He greatly admired Inkosi-Inkosikazi, who had once cured him of his gallstones. "Never a trace of a gallstone since," he declared. "If you ask me, the old monkey is the best damned doctor in the lowveld."
The old medicine man, like Nanny, was a Zulu. It was said he was the last son of the great Dingaan, the Zulu king who fought both the Boers and the British to a standstill. Two generations after the Boers had finally defeated his Impi at the Battle of Blood River, they remained in awe of Dingaan.
Two years after the battle, Dingaan, reeling from the combined forces of his half brother Mpande and the Boers, had sought refuge among the Nyawo people on the summit of the great Lebombo mountains. On the night he was treacherously assassinated by Nyawo tribesmen he had been presented with a young virgin, and his seed was planted in her womb.
"Where I chose blood, this last of my sons will choose wisdom. You will call him Inkosi-Inkosikazi, he will be a man for all Africa," Dingaan had told the Nyawo maiden.
This made the small, wizened black man who was being helped from the Buick one hundred years old.
Inkosi-Inkosikazi was dressed in a mismatched suit, the jacket brown, the trousers blue pinstripe. A mangy leopard-skin cloak fell from his shoulders. In his right hand he carried a beautifully beaded fly switch, the symbol of an important chief. His hair was whiter than raw cotton, tufts of snowy beard sprang from his chin and only three yellowed teeth remained in his mouth. His eyes burned sharp and clear, like the eyes of the old rooster.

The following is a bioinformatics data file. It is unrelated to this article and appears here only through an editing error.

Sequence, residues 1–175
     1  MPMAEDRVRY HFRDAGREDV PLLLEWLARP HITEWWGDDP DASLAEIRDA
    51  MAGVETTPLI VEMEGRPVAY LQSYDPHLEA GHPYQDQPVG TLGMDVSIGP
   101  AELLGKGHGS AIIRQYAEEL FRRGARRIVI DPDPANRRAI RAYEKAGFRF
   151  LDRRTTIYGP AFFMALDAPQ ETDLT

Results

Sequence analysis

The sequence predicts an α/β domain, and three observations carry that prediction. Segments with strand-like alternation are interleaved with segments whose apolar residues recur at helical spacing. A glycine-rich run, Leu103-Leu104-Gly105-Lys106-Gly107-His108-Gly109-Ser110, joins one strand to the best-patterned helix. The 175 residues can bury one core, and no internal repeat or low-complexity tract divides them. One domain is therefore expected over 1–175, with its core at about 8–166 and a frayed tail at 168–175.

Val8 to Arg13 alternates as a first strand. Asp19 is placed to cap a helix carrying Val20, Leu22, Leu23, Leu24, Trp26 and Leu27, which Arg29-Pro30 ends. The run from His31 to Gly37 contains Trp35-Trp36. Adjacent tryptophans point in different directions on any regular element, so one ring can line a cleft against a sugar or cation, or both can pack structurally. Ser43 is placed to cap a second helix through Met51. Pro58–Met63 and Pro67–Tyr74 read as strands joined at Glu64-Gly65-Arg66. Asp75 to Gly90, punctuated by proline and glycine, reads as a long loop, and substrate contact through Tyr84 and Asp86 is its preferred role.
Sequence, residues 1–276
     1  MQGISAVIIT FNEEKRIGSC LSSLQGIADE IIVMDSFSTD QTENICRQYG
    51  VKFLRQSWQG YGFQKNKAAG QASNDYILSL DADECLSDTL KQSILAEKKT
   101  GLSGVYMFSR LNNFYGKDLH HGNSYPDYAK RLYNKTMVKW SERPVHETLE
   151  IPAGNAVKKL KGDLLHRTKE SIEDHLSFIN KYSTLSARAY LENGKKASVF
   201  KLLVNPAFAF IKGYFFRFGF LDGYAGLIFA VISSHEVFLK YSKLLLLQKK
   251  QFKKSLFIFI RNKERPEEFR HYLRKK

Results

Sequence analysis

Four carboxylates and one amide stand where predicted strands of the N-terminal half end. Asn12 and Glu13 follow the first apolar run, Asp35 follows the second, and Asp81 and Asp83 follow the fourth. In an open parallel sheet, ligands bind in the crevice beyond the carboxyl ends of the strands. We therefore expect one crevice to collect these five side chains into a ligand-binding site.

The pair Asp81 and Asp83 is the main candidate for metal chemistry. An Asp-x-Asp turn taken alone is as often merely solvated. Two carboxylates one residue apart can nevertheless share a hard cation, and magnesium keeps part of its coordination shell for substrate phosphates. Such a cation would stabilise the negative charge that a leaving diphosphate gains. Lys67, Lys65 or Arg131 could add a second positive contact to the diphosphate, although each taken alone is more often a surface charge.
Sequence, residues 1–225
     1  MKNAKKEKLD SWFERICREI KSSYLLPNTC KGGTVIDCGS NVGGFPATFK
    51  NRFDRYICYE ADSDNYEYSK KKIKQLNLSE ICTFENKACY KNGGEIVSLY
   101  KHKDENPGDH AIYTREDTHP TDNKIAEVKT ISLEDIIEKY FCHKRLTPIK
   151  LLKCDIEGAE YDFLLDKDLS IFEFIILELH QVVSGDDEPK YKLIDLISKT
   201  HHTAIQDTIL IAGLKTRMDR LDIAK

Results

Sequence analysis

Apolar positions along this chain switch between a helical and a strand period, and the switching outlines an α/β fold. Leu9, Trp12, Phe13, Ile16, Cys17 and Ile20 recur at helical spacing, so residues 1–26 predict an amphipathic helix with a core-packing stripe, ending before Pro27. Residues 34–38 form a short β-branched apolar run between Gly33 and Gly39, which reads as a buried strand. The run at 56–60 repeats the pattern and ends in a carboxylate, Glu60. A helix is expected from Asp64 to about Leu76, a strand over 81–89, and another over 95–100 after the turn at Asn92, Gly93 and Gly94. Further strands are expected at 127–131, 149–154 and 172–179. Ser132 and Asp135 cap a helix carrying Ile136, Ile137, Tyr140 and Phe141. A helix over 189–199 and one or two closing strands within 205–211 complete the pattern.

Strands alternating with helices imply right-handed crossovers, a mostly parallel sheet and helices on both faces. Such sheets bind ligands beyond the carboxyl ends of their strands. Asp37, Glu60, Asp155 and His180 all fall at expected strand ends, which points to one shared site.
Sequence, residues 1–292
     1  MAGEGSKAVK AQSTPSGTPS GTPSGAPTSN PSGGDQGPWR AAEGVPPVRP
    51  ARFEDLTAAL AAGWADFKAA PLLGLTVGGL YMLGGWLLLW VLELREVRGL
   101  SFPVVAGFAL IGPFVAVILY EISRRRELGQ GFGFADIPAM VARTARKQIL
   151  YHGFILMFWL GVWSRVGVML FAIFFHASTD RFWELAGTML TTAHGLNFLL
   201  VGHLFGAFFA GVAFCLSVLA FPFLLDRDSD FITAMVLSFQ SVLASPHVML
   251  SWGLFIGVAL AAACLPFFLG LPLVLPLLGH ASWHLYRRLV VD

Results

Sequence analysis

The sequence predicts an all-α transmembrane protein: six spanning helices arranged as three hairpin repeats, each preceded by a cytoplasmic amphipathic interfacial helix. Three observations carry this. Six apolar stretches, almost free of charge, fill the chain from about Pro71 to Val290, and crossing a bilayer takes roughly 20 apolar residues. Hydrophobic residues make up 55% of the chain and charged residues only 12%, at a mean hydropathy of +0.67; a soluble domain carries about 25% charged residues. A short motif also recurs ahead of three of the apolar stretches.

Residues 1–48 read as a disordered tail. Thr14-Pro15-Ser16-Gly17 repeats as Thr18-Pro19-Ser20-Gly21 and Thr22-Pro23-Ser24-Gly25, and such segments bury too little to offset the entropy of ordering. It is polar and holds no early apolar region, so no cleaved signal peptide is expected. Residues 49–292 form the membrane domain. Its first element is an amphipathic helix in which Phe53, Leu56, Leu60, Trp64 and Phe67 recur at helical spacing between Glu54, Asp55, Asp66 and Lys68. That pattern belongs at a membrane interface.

My granpa briefly welcomed Inkosi-Inkosikazi and granted him permission to stay overnight on the farm. The old man nodded, showing none of the customary obsequiousness expected from a kaffir, and my granpa shook the old man's bony claw and returned to his chair on the stoep.
Nanny, who had rubbed earth on her forehead like all the other women, finally spoke. "Lord, the women have brought food and we have beer freshly fermented."
Inkosi-Inkosikazi ignored her, which I thought was pretty brave of him, and ordered one of the women to untie the cockerels. With a squawking and flapping of stunted wings all but one rose and dashed helter-skelter toward open territory. The old cock who looked like Granpa rose slowly, then, calm as you like, he walked over to a heap of corn and started pecking away.
"Catch the feathered devils," Inkosi-Inkosikazi suddenly commanded.
With squeals of delight the chickens were rounded up again. The ice had been broken as five of the women, each holding a chicken upside down by the legs, waited for the old man's instructions. Inkosi-Inkosikazi squatted down and with his finger traced five circles, each about two feet in diameter, in the dust, muttering incantations. Then he signaled for one of the women to bring over a cockerel. Grabbing the old bird and using its beak as a marker, he retraced the first circle on the ground, then laid the cockerel inside the circle, where it lay unmoving. He proceeded to do the same thing to the other four chickens until each lay in its own circle. As each chicken was laid to rest there would be a gasp of amazement from the women.

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The Power of One 4.5 out of 5 based on 0 ratings. 153 reviews.
Anonymous More than 1 year ago
Very disappointed that the nook book was not the complete book...
Anonymous More than 1 year ago
I had the same experience trying to purchase for my Nook. the young edition was not what I expected.